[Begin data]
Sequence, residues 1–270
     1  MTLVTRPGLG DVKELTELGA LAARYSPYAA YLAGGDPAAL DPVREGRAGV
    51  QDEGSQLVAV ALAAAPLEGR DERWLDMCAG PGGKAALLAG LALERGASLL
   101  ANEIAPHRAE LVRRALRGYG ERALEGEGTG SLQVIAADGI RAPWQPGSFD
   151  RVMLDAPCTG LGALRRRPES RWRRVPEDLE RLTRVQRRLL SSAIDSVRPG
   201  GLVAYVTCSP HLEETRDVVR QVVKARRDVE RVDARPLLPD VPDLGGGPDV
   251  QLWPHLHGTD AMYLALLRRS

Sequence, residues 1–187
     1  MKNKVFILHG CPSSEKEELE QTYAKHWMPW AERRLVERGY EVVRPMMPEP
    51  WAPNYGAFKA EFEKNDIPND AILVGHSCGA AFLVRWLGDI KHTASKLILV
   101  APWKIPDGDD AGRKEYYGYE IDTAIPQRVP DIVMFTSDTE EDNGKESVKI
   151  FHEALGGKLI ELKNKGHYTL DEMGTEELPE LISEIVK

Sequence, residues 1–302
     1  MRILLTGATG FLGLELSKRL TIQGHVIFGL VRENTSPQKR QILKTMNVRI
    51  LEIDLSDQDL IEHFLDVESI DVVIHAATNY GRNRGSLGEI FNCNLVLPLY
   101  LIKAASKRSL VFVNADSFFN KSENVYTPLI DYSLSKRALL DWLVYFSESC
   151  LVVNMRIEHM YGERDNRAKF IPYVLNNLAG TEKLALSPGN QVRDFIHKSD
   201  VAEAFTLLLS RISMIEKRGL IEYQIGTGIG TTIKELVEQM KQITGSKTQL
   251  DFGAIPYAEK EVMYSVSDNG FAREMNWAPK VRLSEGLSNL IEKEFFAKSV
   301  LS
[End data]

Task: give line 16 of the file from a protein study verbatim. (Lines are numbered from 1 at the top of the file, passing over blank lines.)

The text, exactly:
   101  LIKAASKRSL VFVNADSFFN KSENVYTPLI DYSLSKRALL DWLVYFSESC